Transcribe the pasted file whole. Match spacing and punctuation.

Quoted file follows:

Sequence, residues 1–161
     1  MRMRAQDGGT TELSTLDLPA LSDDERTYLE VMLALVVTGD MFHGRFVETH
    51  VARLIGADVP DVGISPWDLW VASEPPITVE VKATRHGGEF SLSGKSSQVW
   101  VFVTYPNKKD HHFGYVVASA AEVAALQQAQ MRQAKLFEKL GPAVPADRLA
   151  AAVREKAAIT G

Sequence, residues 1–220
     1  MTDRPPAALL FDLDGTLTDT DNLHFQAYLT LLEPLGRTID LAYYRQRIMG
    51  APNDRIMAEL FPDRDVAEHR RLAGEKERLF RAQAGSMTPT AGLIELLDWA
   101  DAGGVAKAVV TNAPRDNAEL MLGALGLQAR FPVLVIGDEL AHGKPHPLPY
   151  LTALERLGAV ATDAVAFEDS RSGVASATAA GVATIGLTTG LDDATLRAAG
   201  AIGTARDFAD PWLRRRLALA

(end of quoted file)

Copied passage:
Sequence, residues 1–161
     1  MRMRAQDGGT TELSTLDLPA LSDDERTYLE VMLALVVTGD MFHGRFVETH
    51  VARLIGADVP DVGISPWDLW VASEPPITVE VKATRHGGEF SLSGKSSQVW
   101  VFVTYPNKKD HHFGYVVASA AEVAALQQAQ MRQAKLFEKL GPAVPADRLA
   151  AAVREKAAIT G

Sequence, residues 1–220
     1  MTDRPPAALL FDLDGTLTDT DNLHFQAYLT LLEPLGRTID LAYYRQRIMG
    51  APNDRIMAEL FPDRDVAEHR RLAGEKERLF RAQAGSMTPT AGLIELLDWA
   101  DAGGVAKAVV TNAPRDNAEL MLGALGLQAR FPVLVIGDEL AHGKPHPLPY
   151  LTALERLGAV ATDAVAFEDS RSGVASATAA GVATIGLTTG LDDATLRAAG
   201  AIGTARDFAD PWLRRRLALA